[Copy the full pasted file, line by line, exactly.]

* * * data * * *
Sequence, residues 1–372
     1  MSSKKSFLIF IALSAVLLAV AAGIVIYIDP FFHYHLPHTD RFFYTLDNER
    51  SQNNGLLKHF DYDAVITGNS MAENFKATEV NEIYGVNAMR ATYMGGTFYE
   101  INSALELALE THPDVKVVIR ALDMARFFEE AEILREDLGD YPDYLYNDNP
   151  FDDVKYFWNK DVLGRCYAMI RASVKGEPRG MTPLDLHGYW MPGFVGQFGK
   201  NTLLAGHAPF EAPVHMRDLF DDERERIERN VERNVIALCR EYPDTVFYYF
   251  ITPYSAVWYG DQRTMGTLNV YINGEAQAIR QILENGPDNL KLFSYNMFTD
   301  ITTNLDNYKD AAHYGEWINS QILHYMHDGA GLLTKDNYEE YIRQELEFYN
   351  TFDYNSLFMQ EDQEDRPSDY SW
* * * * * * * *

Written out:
Sequence, residues 1–372
     1  MSSKKSFLIF IALSAVLLAV AAGIVIYIDP FFHYHLPHTD RFFYTLDNER
    51  SQNNGLLKHF DYDAVITGNS MAENFKATEV NEIYGVNAMR ATYMGGTFYE
   101  INSALELALE THPDVKVVIR ALDMARFFEE AEILREDLGD YPDYLYNDNP
   151  FDDVKYFWNK DVLGRCYAMI RASVKGEPRG MTPLDLHGYW MPGFVGQFGK
   201  NTLLAGHAPF EAPVHMRDLF DDERERIERN VERNVIALCR EYPDTVFYYF
   251  ITPYSAVWYG DQRTMGTLNV YINGEAQAIR QILENGPDNL KLFSYNMFTD
   301  ITTNLDNYKD AAHYGEWINS QILHYMHDGA GLLTKDNYEE YIRQELEFYN
   351  TFDYNSLFMQ EDQEDRPSDY SW